Tour Inspired: 2018 Road Bikes Announced
The start of the Tour de France means companies are revealing new bikes, components, and accessories. Road bike makers are unveiling gear being used in the Tour, and even though few mountain bikers care about European stage races, those companies are leaking the details of their 2018 models too.
Trek is introducing a second Emonda line for 2018. The basic SL is, for the most part, the current 2017 model in a variety of trims. The top-level SLR not only adds disc brakes to the featherweight climber, but the frame also weighs 25 grams less than the current rim-brake equipped SL model. In fact, the fully built, top-of-the-line SLR 9 weighs in at 13.4 pounds. That’s 1.5 pounds lighter than the UCI-mandated minimum. Despite the low weight, the Emonda promises to be even more stiff than its predecessor, thanks to Trek’s modified 700 Series OCLV Carbon. Riders have a choice of two frame styles, the lower and more aggressive H1 and the more relaxed H2. Prices range from $2,500 for the lowest-level SL 6 to $11,000 for top-level SLR 9. Look for it in your local Trek retailer in the next few weeks.
Both Specialized and Giant have revamped versions of their XC race machines rolling out. The Specialized Epic will be exclusively 29ers, with the new frame up to 525 grams lighter for the Pro, Comp, and Expert packages. Specialized claims the shorter stem, slightly slacker head angle, 42mm fork offset, and 4mm shorter chainstays make it a more stable and responsive race machine. The Epic’s rear triangle was changed to a single-pivot design, saving a bit of weight and allowing for better power transfer. The redesigned Brain 2.0 has been moved closer to the axle for more consistent damping. Expect to pay $2,800 and up when it hits your local bike shop soon.
Like the Epic, Giant’s 2018 Anthem line features a slacker head angle, as well as a shorter stem and chainstays. Higher-end models see a new Advanced Forged Composite upper rocker arm that’s lighter and stronger than previous aluminum versions. While the front fork retains 100mm of travel across the line, the rear travel was decreased from 100mm to 90mm. Prices for the Anthem start at about $3,700. It should be available soon.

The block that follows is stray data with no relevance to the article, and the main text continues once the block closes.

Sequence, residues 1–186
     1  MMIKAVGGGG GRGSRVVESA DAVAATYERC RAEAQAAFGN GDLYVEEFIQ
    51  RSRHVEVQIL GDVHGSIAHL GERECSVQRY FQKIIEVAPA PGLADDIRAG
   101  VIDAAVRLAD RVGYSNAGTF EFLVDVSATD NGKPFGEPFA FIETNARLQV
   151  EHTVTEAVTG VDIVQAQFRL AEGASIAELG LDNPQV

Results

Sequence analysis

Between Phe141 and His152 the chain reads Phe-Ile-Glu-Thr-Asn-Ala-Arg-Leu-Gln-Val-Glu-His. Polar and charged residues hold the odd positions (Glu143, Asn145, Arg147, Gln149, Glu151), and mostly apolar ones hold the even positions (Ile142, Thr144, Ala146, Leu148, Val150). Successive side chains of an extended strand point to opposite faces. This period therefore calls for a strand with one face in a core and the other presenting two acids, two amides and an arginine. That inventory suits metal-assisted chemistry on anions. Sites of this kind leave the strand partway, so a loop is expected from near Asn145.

If your tastes run more to enduro, Santa Cruz launched a new iteration of its Hightower bike based on input from team rider Mark Scott. Dubbed the Hightower LT, the rear swingarm was redesigned, allowing for 150mm of travel. The front triangle remains the same as the standard Hightower, albeit with a slightly shorter reach and a slacker head angle. Unlike its sibling, the LT doesn’t allow you to swap out 29-inch wheels for 27.5 hoops. The base-model LT can be yours for just under $4,000 when it hits shops within the next month.
The SRAM eTap finally has some competition, as FSA’s wireless electronic groupset begins trickling into bike shops across the country. Called the K-Force WE, it promises hassle-free adjustment and adjustable-travel shifters, enabling users to dial in the perfect fit. Got small hands? FSA offers the choice of two lever sizes. Unfortunately, it looks as if it only comes with rim brakes currently. A smart phone app will both calculate the battery level and count the number of front and rear shifts.
As part of its new joint ambassador program, Open Cycle is releasing 40 limited-edition Assos-branded versions of its U.P.P.E.R. gravel bike in the U.S. The bikes and Assos kits are both available now.
“The two Swiss-born companies have a reputation for quality design and engineering,” said spokesman Casey Raymer. “The brands came together on this limited-edition model that resulted in a beautiful bike with a sleek ASSOS Grey color scheme and minimal, but striking, black branding. Applying that clean aesthetic on an U.P.P.E.R. model that’s (already) the pinnacle of versatility and lightweight performance, made for a combination that’s stopping people in their tracks.”
Assos rider Thomas Cooke debuted the combo at the Crusher gravel race in Southern Utah July 8. The framesets start at $4,500.
If you never think to bring a bike lock or are afraid of a heavy chain weighing down your carbon fiber racing rig, Hiplok’s Z Lok could be an option. It’s not going to replace the trusty U lock, but serves as an annoying deterrent to would-be bike thieves. Simply put, it’s a lockable zip tie. Although fairly sturdy, it would likely be easily cut with a knife or wire cutters, but it’s better than nothing. Each $15 pack – available now – comes with two Z Loks and one universal key.